Dr. Jerry Hiura, arts leader and dentist, dies

Dr. Jerry Hiura. photo courtesy Hiura family

Dr. Jerrold Hiura, a San Jose Japantown dentist, leader in the arts community and co-founder of Contemporary Asian Theater Scene, passed away after battling late-stage esophageal cancer on Dec. 26, 2019. He was 72.

Hiura was born in Chicago, and he moved with his family to the San Jose when he was seven. At the University of California, Berkeley, he earned bachelor’s degrees in both biology and physiologic optics. After earning a master’s degree at Harvard, he earned his DDS in 1976 from Washington University in St. Louis.

He joined his father at his San Jose dental practice soon after, and later took over the practice in 1987. “In 2008, he fulfilled his dream to expand Japantown Dental by moving it across the street to a larger, completely renovated space,” an obituary said. “He took quiet but profound pride in the evolution of his practice and in the development of his team.”

As an active advocate for multi-cultural arts, Hiura spent his life passionately involved in bringing diversity to organizations at the local and state levels. He served as chair of the City of San Jose’s Arts Commission and as president of the Arts Council of Silicon Valley. He co-founded the Contemporary Asian Theater Scene, and the Japantown Community Congress of San Jose.

He helped establish the Japantown landmarks projects and Ikoinoba, quiet resting places, throughout Japantown. He was on the San Jose Museum of Art’s board of trustees. As a board member for Chopsticks Alley Art, he examined the intersection between Japanese and Vietnamese American art and history. In 2002, he was appointed by Gov. Gray Davis to the California Arts Council where he served as vice chair.

Bruce Davis, the former executive director of the Arts Council Silicon Valley, spoke about the expanse of Hiura’s contributions and work at a CATS gala honoring Hiura in September 2012, reported the Nichi Bei Weekly. He said that Hiura was one of only two San Joseans who has achieved the “triple crown” of the arts. Both of which are from the state of California and from San Jose.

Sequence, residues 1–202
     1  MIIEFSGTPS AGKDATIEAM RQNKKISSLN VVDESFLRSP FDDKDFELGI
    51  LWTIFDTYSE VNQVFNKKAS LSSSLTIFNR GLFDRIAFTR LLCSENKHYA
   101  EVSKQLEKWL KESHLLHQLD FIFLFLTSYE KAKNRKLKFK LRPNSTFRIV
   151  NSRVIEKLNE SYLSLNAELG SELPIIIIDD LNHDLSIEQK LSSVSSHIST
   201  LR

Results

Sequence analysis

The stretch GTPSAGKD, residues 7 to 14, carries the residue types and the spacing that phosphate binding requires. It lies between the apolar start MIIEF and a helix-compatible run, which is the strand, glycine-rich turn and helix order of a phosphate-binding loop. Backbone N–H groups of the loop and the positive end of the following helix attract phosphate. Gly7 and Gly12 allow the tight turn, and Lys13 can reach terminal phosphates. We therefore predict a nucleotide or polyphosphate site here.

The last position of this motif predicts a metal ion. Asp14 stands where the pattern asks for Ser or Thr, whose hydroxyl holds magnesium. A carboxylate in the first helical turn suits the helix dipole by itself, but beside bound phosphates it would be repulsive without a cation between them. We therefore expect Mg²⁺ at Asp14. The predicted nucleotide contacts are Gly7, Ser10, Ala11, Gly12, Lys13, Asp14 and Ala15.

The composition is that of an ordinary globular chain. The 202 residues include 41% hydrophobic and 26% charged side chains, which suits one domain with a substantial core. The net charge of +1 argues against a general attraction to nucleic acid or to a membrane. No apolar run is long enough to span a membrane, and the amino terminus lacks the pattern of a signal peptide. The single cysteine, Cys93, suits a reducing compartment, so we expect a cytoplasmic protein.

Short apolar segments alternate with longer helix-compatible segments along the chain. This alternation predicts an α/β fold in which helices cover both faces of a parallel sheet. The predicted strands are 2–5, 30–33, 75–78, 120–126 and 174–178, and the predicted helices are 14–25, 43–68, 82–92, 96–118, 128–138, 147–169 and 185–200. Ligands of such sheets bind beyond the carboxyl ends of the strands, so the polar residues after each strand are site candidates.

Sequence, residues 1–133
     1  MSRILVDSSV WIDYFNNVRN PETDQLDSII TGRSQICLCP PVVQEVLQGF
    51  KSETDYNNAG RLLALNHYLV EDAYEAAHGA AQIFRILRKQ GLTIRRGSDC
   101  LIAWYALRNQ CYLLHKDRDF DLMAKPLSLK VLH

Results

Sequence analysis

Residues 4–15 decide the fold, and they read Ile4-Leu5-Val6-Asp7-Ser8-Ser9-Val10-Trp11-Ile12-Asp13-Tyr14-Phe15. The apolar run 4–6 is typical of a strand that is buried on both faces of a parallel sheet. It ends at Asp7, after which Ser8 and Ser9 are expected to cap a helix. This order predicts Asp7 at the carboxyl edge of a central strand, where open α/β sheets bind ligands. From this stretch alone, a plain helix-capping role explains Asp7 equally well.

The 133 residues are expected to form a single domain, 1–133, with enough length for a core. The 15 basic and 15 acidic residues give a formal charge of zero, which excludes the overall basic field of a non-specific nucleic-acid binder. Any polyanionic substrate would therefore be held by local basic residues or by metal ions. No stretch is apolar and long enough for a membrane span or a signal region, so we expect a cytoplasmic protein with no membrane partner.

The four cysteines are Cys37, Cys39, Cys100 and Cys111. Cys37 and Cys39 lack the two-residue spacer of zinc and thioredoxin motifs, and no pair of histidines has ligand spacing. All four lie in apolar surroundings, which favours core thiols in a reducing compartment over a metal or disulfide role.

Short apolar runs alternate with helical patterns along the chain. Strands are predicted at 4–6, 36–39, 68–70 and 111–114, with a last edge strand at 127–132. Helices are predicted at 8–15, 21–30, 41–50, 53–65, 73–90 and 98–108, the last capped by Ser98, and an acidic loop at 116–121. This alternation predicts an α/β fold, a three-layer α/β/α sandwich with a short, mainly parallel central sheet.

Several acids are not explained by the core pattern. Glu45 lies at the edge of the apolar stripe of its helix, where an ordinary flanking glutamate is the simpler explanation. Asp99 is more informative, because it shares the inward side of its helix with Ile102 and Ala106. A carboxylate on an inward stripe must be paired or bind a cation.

“He served as the chair of the San Jose Arts Commission, the official city body regulating and dealing with arts and public policy, was president of the Arts Council of Silicon Valley, which is the largest nonprofit arts council of the state and appointed by then California Gov. Gray Davis to the California Arts Council. No one else aside from Consuelo Santos Killins has ever achieved this triple crown being the chair of the city, regional and member of the state arts council,” Davis remarked.

At the 2012 CATS gala, board member Leianne Lamb said “Jerry is someone that we all know for his generosity, and we admire him for his talent, his giving, his dedication for making the communities in Japantown and the Silicon Valley arts what they are and making that impact every day.”

When former Teatro Vision Executive Director Raul Lozano was new to the arts community, he was told to seek Hiura out. Lozano remarked, “Jerry understood the big picture. He was always concerned with the iniquities and lack of representation of people of color in the community art scene. Jerry has been fighting the good fight for a long time. We need more people like him.”

Addressing the audience of friends and family at the 2012 CATS gala, Hiura was warmed by their comments, which had added meaning because they came from those already invested in the cause. “You all know the kinds of fronts the arts have to fight,” he began. “And you know we’ll never leave the arts. We’re all in the trenches together. … I’ll always keep the arts alive in my blood and always keep the community in my heart.”

“As a dedicated artist himself, Dr. Jerry explored many forms of expression including paintings and drawings ranging from whimsical to impressionist to portraiture using a variety of media, oils, watercolor and acrylics,” the obituary noted. “As an author, poet and editor, he published ‘The Hawk’s Well’ in 1986, a unique collection of Japanese American art and literature. He even dabbled in jewelry design and his pieces were sold by high-end retailers. He loved playing guitar and golf with family and friends.”

Hiura was pre-deceased by his father, Dr. Thomas Hiura. In addition to his wife Lucia, he is survived by his sister Barbara and his mother Dorothy. He also leaves behind his stepchildren, Audrey and Larry, and their spouses, Evan and Heather. He nurtured his four grandchildren: Graham, Chloe, Caden, and Carter. Hiura also leaves behind the team at Japantown Dental and the patient community they serve.

A celebration of life is planned for June 6, 2020, 11 a.m., at Wesley United Methodist Church, 566 North Fifth St. in San Jose’s Japantown.

A showing of art by Hiura and his family is also planned for June 1-10 at ArtObject, 592 North Fifth St. in San Jose’s Japantown.

More details on the Celebration of life and the art showing will be posted when available at https://everloved.com/life-of/dr-jerrold-hiura/?flow=201.

In lieu of flowers, donations can be made to: Contemporary Asian Theater Scene, catsasiantheaterscene.org; San Jose Museum of Art, sjmusart.org; Japantown Community Congress of San Jose, jcc-sj.org; or Chopsticks Alley Art, chopsticksalleyart.org.

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